From: District Wire

Black Lives Matter activists heckle Mayor Bowser's plan to stop violence during her speech

A woman protests during Mayor Muriel Bowser's address (Cuneyt Dil/The Eagle).

Mayor Muriel Bowser first bellowed over the protesters, and her allies leapt to their feet to her defense, attempting to drown out the Black Lives Matter activists yelling and heckling the mayor’s proposed plan to curb killings in the District.

“Who’s with me?” the mayor smiled and asked repeatedly, as officials and fans of her 5-part “Safer, Stronger DC” proposal cheered at a packed address outlining the plan Thursday.

But then the activists drowned out the mayor: “That’s not the answer,” some cried out after Bowser, a Democrat, announced she will put hundreds of more cops on the streets in response to a homicide surge.

“Ward 8 matters,” they chanted, referring to the location of the speech, held in the Congress Heights neighborhood of Southeast, inside a packed and hot school auditorium. “Jobs, not jails,” they erupted when the mayor called for stricter penalties on repeat offenders.

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For close to half an hour, amid chants and boos, Bowser struggled but plowed through a speech dense in policy proposals to stem a recent rise in violent crime and a 43 percent spike in murders.

The mayor’s policy package would beef up police presence and bring reforms intended to improve police-community relations. It would also raise penalties on individuals under parole or probation found to have broken their terms of release and for crimes committed on public transit or in the city’s parks and recreation centers.

[D.C.’s violent summer, in two charts]

The idea of more cops on the street, however, angered the dozens of protesters in the crowd who say the solution isn’t more policing but instead addressing underlying issues like a lack of jobs, services and community mistrust of police. Many of them warned about the return of stop-and-frisk tactics and random police searches, which Bowser and others said are not part of the proposals.

“At the end of the day, tougher police penalties and more cops, which have only been proven to have a negative affect, are something [Bowser’s] going to continue to support,” Eugene Puryear, a former D.C. Council candidate and Black Lives Matter activist, said after the speech.

Early on her speech, Bowser directly addressed that movement, which has spread nationally after several publicized police killings of black Americans. She echoed a pledge made in her State of the District Address earlier this year: “We will take concrete steps to make Black Lives Matter more than just a hashtag.”

The mayor’s proposal will head to the D.C. Council when lawmakers return from summer recess in mid-September, with public safety issues poised to dominate the fall legislative agenda. There have been 103 homicides in the District so far this year, according to the Metropolitan Police Department, only two fewer than in all of 2014.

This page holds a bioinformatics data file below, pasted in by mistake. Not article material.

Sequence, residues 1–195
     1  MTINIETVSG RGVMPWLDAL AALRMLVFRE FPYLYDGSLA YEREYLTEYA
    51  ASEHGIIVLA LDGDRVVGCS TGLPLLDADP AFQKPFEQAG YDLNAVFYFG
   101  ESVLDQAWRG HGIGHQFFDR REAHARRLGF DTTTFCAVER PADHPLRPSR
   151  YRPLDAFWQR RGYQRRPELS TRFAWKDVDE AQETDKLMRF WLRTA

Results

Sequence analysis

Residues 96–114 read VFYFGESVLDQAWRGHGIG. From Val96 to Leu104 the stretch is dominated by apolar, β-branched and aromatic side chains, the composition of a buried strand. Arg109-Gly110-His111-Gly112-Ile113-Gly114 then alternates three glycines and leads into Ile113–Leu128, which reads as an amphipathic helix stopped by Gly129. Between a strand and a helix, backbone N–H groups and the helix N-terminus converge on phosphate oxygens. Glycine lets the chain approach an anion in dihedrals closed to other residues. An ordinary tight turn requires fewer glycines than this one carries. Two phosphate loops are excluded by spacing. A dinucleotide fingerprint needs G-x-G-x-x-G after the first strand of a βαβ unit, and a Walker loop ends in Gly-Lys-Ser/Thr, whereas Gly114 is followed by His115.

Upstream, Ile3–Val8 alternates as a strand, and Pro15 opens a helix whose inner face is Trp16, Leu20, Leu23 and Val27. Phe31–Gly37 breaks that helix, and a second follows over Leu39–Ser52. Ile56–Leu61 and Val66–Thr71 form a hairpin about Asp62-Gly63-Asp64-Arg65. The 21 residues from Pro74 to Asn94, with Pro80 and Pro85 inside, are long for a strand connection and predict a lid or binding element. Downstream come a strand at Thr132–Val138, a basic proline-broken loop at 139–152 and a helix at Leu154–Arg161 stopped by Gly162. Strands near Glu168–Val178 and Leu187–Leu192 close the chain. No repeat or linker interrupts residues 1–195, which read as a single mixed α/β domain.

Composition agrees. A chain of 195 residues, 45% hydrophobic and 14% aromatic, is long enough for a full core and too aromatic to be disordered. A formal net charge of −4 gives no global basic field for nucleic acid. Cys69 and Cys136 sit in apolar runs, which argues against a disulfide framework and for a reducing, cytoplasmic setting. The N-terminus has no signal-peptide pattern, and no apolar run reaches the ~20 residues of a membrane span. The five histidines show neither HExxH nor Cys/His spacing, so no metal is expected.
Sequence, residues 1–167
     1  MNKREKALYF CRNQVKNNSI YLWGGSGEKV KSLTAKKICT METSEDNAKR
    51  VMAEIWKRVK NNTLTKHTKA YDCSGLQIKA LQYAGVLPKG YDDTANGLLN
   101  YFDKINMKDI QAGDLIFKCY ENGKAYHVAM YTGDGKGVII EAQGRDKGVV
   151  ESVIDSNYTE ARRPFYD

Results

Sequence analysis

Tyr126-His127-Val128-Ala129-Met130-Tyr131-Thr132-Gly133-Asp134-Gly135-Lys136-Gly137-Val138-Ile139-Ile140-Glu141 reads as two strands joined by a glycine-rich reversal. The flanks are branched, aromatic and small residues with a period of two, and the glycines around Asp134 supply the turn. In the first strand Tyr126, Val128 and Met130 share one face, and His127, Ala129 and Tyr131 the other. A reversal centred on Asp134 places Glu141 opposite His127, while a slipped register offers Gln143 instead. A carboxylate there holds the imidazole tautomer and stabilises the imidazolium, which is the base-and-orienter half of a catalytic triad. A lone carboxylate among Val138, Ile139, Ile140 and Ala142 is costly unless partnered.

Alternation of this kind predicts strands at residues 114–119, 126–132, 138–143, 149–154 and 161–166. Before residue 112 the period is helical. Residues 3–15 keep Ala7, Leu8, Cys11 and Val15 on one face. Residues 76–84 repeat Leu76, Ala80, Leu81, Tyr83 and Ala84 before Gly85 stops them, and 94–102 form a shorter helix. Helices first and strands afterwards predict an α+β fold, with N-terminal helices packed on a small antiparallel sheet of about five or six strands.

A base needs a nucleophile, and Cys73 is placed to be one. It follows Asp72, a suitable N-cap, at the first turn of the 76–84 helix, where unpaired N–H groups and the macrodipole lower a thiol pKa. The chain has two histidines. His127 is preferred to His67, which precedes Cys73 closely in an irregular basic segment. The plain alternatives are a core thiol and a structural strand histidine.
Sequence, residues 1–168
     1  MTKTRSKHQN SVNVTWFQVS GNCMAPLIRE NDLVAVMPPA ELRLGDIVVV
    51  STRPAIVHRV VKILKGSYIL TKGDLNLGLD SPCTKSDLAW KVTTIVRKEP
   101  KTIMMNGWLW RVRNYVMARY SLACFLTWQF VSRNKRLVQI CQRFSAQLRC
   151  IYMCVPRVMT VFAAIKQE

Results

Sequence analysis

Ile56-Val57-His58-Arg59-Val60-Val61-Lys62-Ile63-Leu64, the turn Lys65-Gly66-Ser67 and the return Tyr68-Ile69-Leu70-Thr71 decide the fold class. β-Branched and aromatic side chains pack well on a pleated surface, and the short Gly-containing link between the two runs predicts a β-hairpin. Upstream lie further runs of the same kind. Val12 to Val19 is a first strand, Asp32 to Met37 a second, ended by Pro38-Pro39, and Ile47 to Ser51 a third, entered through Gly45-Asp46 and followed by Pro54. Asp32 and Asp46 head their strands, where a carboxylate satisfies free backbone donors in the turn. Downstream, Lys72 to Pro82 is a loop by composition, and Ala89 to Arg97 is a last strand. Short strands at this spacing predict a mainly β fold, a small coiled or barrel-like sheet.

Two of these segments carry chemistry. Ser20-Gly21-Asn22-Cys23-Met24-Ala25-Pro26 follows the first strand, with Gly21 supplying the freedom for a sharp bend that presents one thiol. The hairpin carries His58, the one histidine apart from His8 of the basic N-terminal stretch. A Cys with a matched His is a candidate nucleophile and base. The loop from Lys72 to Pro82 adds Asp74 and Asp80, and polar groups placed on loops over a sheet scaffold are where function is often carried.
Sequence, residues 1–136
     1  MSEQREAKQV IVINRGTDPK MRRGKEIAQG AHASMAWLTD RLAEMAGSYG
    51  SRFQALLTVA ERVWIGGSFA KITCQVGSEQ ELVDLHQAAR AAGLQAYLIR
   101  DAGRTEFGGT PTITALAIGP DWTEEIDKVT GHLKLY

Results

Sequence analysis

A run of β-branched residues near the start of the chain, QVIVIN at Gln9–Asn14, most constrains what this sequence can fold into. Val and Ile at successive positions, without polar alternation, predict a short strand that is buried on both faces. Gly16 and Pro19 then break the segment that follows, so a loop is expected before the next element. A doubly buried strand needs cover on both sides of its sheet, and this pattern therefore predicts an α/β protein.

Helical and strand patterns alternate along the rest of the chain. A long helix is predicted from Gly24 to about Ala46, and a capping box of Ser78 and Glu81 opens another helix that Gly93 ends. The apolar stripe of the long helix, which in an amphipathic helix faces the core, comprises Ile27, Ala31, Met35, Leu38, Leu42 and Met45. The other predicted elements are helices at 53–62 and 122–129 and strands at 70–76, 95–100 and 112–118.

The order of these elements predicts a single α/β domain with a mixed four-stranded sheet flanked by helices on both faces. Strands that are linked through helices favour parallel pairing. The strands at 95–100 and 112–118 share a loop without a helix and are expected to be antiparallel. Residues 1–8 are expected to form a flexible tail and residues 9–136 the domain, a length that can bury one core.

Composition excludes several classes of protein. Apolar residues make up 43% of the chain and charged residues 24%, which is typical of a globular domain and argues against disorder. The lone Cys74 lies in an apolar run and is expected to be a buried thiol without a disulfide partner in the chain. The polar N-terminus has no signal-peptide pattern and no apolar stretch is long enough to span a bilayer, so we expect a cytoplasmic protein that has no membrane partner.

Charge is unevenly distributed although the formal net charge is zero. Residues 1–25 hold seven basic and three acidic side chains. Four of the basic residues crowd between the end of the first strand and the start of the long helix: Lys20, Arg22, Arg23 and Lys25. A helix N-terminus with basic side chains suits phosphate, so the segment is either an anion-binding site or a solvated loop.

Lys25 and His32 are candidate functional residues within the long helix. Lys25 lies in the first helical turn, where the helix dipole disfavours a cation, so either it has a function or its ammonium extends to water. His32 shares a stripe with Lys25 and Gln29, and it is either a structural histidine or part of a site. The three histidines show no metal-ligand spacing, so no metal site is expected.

D.C. Council Chairman Phil Mendelson, a Democrat, said in an interview he believes the crime package will be broken up into “a couple” separate bills. The proposals may mean months of hearings and debate, if the activism on show during Bowser’s speech is any indication.

“To the extent they’re controversial pieces, they will not go through without a lot of public discussion and that means a somewhat slower process,” Mendelson said, adding that even less controversial bills can take a few months to pass.

Mendelson, who in 2013 suggested measures similar to what Bowser is proposing, rejected the notion that the idea would enable stop-and-frisk policing.

“It’s not really about broader police powers,” Mendelson said. “We’re not talking about innocent people being stopped on the street or in their cars.”

Independent At-large Councilmember David Grosso sided with the sentiments expressed by many of the activists in a series of tweets Thursday afternoon. “Increased penalties do not result in decreased crime. They're a blunt tool that grows the prison system,” he wrote.

[City targets crimes committed on Metro trains, buses]

Congress Heights, where the address was held, is among the hardest-hit communities in the summer’s crime wave and one of the poorest in the District. The speech was held inside the structure that used to house Malcolm X Elementary School. The building has been shuttered for five years, Bowser said, leaving gaps in services such as recreation activities and safe spaces that residents in other parts of town enjoy.

“I don’t come to this job thinking everything has been done correctly,” Bowser said. “In fact, what [Councilmember LaRuby] May and I know is that the Ward 8 community has long been uninvested in. And we have to change that.”

Steps from the school, stuffed teddy bears and empty liquor bottles memorialized Shaun Simmons, who was killed August 1 on that 1300 block of Savannah Street SE.

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